Moving the graph to the right -- What do you think?

  • Thread starter 0kelvin
  • Start date
  • #1
0kelvin
50
5
I'm studying calculus alone with textbooks. The part about moving the graphs to the right or to the left struck me because they just have a list of rules, properties and make you relate the graph with the corresponding equation. I know what is the rate of change and I thought I could do better than the textbook.

I vectorized this to explain why: f(x - n) moves the parabola to the right.

func_sideways.png

Not satisfied I though. f(x - 2) does remind me of the concept of a composite function. Can I draw something to explain this and relate it to the rate of change?

translation2.png
 
  • Like
Likes mcastillo356

Answers and Replies

  • #2
anuttarasammyak
Gold Member
1,843
944
With a graph described with an equation ##f(x,y)=0## given, another graph
[tex]f(x-a,y-b)=0[/tex]
is a translation of that graph with vector (a,b) on x-y plane. For an example say (0,0) is on the original graph, it is translated to (a,b) on the new one.
 
Last edited:
  • #3
PeroK
Science Advisor
Homework Helper
Insights Author
Gold Member
2022 Award
23,721
15,330
I'm studying calculus alone with textbooks. The part about moving the graphs to the right or to the left struck me because they just have a list of rules, properties and make you relate the graph with the corresponding equation. I know what is the rate of change and I thought I could do better than the textbook.
Take a function that is zero everywhere except the origin:$$f(x)=\begin{cases} 1 & x = 0 \\ 0 & x \ne 0 \end{cases}$$Now define ##g(x) = f(x -2)##. Note that ##g(2) = f(0) = 1##, hence:$$g(x)=\begin{cases} 1 & x = 2 \\ 0 & x \ne 2 \end{cases}$$And we see that ##g(x)## is ##f(x)## moved to the right.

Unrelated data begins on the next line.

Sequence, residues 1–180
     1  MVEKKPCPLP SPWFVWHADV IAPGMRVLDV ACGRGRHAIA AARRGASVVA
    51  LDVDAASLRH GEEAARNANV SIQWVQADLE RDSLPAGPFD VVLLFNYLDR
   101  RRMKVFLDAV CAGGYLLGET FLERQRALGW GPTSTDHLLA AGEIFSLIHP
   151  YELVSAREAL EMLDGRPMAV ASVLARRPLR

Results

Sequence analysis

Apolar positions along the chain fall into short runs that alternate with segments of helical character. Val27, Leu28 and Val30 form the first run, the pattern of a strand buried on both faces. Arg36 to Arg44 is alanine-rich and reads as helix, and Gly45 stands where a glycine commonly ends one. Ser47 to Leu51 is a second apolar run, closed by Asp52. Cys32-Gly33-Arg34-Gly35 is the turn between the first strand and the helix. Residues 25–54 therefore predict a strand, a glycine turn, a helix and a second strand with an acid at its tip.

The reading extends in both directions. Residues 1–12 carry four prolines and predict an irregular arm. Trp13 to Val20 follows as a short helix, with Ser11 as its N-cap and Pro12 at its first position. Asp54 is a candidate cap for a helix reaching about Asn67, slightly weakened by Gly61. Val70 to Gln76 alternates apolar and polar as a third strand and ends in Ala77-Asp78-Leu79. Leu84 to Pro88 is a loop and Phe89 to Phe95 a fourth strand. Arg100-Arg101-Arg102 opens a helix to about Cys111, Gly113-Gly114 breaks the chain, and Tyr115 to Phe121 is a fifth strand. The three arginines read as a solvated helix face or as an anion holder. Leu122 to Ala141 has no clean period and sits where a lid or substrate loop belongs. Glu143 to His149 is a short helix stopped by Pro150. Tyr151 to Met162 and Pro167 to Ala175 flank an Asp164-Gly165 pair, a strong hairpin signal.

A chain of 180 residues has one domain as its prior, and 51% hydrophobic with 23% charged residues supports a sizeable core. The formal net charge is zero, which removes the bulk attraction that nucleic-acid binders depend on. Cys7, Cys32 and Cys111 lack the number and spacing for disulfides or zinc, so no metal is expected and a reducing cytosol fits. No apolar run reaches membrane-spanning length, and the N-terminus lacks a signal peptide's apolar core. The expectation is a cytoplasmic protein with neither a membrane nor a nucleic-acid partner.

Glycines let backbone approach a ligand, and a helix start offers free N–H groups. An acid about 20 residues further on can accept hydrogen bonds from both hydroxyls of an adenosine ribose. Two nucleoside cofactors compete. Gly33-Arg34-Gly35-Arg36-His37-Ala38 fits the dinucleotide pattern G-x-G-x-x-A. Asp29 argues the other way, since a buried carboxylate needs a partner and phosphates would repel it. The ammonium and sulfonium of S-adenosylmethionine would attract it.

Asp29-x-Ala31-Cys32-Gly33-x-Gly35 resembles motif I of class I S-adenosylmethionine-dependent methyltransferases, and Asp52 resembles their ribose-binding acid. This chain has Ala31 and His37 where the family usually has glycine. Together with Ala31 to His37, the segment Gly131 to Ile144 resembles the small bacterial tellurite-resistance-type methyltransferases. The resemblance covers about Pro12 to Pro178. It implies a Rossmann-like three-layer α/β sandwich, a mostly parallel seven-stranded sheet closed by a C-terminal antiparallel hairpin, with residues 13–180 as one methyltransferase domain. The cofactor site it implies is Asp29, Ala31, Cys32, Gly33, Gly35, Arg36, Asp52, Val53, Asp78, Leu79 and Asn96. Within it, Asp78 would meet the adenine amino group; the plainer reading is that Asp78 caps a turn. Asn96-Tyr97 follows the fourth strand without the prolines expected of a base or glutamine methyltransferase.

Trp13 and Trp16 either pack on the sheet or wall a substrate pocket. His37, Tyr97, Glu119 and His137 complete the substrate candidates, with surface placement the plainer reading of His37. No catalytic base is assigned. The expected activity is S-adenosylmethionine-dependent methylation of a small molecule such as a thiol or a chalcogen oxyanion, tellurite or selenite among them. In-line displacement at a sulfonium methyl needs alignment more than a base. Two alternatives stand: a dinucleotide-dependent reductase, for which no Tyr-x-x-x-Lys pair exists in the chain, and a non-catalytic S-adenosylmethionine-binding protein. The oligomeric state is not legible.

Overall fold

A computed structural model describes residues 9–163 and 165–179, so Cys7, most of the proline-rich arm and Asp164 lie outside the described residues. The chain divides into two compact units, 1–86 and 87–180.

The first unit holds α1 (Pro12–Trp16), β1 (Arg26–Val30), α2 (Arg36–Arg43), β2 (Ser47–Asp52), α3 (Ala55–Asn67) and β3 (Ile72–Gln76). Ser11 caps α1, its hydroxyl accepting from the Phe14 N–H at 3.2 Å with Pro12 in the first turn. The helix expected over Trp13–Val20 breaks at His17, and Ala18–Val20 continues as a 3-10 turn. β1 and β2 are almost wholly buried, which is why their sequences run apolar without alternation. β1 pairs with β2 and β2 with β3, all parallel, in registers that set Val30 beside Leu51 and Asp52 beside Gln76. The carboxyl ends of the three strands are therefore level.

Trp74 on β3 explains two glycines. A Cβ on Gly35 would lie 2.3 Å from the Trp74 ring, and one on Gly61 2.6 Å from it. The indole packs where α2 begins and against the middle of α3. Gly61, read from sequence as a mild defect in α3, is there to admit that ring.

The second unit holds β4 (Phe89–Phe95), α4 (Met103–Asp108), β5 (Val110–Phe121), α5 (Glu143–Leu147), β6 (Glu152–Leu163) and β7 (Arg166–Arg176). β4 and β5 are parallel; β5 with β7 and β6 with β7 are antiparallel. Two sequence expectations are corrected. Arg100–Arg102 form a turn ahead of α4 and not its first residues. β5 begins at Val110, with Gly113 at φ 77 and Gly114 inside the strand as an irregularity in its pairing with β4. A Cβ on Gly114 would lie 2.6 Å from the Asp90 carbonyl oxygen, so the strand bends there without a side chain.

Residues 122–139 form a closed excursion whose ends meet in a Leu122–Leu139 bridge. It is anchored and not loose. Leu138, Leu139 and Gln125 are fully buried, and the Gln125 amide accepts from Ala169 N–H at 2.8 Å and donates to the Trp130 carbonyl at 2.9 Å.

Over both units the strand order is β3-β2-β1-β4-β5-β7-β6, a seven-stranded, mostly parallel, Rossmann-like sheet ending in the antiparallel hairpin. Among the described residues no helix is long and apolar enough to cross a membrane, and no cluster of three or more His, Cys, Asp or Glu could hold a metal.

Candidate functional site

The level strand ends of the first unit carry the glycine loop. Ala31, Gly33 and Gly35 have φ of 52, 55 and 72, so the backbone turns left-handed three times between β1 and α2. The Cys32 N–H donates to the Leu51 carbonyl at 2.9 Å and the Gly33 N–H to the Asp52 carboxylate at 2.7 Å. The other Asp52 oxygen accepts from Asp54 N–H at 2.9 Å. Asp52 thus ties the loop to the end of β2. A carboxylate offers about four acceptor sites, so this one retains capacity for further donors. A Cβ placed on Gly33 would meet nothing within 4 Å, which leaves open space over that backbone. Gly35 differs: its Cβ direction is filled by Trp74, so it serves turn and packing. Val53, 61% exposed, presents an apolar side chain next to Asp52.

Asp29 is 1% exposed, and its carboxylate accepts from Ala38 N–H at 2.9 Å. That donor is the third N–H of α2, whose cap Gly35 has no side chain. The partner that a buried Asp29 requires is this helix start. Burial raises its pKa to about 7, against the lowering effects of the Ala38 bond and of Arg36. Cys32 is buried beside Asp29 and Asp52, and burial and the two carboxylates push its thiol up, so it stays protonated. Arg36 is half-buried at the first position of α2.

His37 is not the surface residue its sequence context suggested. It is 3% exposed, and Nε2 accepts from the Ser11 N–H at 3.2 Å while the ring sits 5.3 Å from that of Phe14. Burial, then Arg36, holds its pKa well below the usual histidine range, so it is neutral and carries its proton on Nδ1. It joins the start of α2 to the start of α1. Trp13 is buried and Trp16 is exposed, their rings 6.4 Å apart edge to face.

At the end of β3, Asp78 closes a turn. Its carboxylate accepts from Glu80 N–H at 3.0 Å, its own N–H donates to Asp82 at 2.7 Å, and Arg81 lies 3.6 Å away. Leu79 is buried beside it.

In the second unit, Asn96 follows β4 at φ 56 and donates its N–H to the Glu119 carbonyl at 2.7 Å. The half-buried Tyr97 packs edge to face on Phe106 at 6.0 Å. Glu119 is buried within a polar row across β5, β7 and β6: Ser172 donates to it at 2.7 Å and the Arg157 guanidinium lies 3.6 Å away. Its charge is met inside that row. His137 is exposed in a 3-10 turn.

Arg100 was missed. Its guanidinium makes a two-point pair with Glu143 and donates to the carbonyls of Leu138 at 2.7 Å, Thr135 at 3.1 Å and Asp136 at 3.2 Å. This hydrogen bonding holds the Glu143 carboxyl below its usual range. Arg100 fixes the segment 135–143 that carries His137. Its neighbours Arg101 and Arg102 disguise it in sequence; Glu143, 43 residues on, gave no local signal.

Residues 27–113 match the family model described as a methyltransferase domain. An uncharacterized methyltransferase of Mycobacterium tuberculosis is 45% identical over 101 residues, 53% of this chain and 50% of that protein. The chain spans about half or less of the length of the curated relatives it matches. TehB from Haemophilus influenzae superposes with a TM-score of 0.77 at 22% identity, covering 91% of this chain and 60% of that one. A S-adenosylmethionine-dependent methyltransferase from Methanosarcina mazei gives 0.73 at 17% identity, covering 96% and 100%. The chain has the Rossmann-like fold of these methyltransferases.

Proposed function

• Like
Likes mcastillo356
  • #4
robphy
Science Advisor
Homework Helper
Insights Author
Gold Member
6,627
2,003
Here's a related example from physics: a traveling wave disturbance on a string.

Suppose a disturbance has a profile F(x) along a string.
[In physicist's notation...]
F(x-vt) describes that disturbance translating (traveling without distortion) to the right with constant velocity v.

At t=0, consider the disturbance at the string location x=1: F(1).
After a time t, F(1)=F(x-vt) where 1=x-vt.
Since t increases, x must increase to keep x-vt=1. (Indeed, x=vt+1.)
...and similarly for other locations.
Thus, the disturbance moves to the right.

See https://www.desmos.com/calculator/bjt6dleg5h
from
https://www.physicsforums.com/threa...mean-in-the-wave-equation.836348/post-5254546
 

Suggested for: Moving the graph to the right -- What do you think?

Replies
7
Views
2K
Replies
2
Views
700
Replies
8
Views
332
Replies
23
Views
529
Replies
18
Views
353
  • Last Post
Replies
3
Views
518
Replies
2
Views
535
  • Last Post
Replies
1
Views
566
Replies
1
Views
397
Top